A sample set of users is enrolled in the system using the enrollment rules that have been selected and verified in the system under representative conditions. This is the first time all the components of the system are used together and system-level performance can be determined. The ISO and ILO references (see sidebar) offer substantial information on best practices and methods for scenario testing. Frost & Sullivan recommends the following best practices for scenario testing: • Review the ISO standard 19795-2:2007 section on scenario testing and develop test plans consistent with the best practices in this standard. • Consider using contracted biometric system design and/or testing services available from a variety of sources, including the International Biometrics Group (IBG).

A Best Practices Guide to Fingerprint Biometrics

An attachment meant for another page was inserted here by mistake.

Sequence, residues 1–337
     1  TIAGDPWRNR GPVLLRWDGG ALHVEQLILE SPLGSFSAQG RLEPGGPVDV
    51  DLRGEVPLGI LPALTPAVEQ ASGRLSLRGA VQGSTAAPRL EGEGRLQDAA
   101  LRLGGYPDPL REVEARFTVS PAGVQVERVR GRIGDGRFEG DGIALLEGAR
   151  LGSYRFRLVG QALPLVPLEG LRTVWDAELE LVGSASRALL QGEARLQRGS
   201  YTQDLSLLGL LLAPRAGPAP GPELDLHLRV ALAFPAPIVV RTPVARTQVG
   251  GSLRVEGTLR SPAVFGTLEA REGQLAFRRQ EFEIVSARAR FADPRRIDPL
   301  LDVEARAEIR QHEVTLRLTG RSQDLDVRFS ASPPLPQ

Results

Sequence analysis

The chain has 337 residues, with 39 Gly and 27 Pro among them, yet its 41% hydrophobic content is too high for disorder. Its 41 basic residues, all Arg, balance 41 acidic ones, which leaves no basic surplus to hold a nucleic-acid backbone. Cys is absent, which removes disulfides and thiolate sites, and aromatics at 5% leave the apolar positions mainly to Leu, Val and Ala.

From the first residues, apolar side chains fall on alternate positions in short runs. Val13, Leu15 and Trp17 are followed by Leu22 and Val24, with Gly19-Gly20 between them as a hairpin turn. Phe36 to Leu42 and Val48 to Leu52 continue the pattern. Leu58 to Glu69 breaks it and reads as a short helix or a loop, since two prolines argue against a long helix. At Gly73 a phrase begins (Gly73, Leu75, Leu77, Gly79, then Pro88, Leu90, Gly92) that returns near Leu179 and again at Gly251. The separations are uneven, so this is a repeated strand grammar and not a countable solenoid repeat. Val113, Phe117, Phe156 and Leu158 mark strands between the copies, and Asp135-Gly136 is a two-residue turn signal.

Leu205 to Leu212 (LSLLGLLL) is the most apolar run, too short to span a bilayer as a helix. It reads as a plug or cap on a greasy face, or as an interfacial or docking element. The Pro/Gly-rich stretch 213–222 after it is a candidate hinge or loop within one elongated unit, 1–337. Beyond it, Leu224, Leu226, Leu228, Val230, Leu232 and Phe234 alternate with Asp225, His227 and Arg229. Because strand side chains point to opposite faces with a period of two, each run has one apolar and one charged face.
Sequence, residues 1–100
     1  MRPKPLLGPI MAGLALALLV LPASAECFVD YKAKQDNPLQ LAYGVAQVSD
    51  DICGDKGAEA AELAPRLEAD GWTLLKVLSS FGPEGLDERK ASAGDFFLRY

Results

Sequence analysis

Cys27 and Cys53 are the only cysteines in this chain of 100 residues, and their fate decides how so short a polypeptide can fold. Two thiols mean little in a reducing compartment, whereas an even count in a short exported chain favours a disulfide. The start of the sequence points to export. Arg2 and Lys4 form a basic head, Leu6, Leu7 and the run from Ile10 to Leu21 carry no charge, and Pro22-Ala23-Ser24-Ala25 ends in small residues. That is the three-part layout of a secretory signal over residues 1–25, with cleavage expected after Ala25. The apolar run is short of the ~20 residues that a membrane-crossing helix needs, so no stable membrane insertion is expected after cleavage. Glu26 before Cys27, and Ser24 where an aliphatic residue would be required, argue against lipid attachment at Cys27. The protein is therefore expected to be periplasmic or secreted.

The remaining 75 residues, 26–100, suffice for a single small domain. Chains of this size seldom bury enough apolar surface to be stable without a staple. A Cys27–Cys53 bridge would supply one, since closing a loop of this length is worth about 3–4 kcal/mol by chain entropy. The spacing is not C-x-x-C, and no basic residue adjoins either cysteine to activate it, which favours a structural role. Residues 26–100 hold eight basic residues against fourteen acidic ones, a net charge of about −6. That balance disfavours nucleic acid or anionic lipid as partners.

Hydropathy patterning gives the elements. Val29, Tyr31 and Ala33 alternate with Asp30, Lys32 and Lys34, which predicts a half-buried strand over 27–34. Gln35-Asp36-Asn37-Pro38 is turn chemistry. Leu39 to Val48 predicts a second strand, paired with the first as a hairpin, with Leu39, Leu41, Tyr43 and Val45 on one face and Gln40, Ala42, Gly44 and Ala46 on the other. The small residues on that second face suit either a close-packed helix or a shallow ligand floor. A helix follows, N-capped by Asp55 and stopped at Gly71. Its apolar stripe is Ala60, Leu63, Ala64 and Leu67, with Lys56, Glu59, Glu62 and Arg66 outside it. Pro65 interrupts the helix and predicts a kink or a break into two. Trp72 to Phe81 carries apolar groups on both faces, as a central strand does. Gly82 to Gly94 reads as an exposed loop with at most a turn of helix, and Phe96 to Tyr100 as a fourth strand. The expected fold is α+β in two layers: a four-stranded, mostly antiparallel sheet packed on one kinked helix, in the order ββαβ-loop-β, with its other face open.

CONCLUSIONS Biometrics is a unique identity management approach that offers the combination of user convenience, cost-effective provisioning and a non-repudiated compliance audit trail for the system operator. These advantages incorporated into a conventional IAM system magnify IAM benefits and ROI—but only if the biometric elements are designed and implemented from an informed perspective. The best practices outlined in this paper provide the means for senior executives with no knowledge of biometrics to understand the key considerations and ask the appropriate questions of those vendors and contractors who are designing and implementing the system. It is imperative that an organization considering the deployment of fingerprint biometrics at least consider the following three critical factors mentioned throughout this paper: • Fingerprint scan quality and careful scanner selection • Performance monitoring and scenario testing • Performance and accuracy requirements for your application Frost & Sullivan believes that by starting from a position of knowledge and setting an expectation of adherence to best practices, the result will most likely satisfy the organization’s requirements or expectations of ROI.